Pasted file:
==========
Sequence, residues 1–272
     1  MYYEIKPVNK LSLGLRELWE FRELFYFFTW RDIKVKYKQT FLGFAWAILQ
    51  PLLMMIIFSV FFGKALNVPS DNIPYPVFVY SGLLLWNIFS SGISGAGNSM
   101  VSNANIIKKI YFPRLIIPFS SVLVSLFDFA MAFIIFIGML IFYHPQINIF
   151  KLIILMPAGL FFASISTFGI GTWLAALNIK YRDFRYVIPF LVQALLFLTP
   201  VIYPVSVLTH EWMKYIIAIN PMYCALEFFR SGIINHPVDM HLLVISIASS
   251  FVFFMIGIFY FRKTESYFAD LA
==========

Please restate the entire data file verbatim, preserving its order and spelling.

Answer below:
Sequence, residues 1–272
     1  MYYEIKPVNK LSLGLRELWE FRELFYFFTW RDIKVKYKQT FLGFAWAILQ
    51  PLLMMIIFSV FFGKALNVPS DNIPYPVFVY SGLLLWNIFS SGISGAGNSM
   101  VSNANIIKKI YFPRLIIPFS SVLVSLFDFA MAFIIFIGML IFYHPQINIF
   151  KLIILMPAGL FFASISTFGI GTWLAALNIK YRDFRYVIPF LVQALLFLTP
   201  VIYPVSVLTH EWMKYIIAIN PMYCALEFFR SGIINHPVDM HLLVISIASS
   251  FVFFMIGIFY FRKTESYFAD LA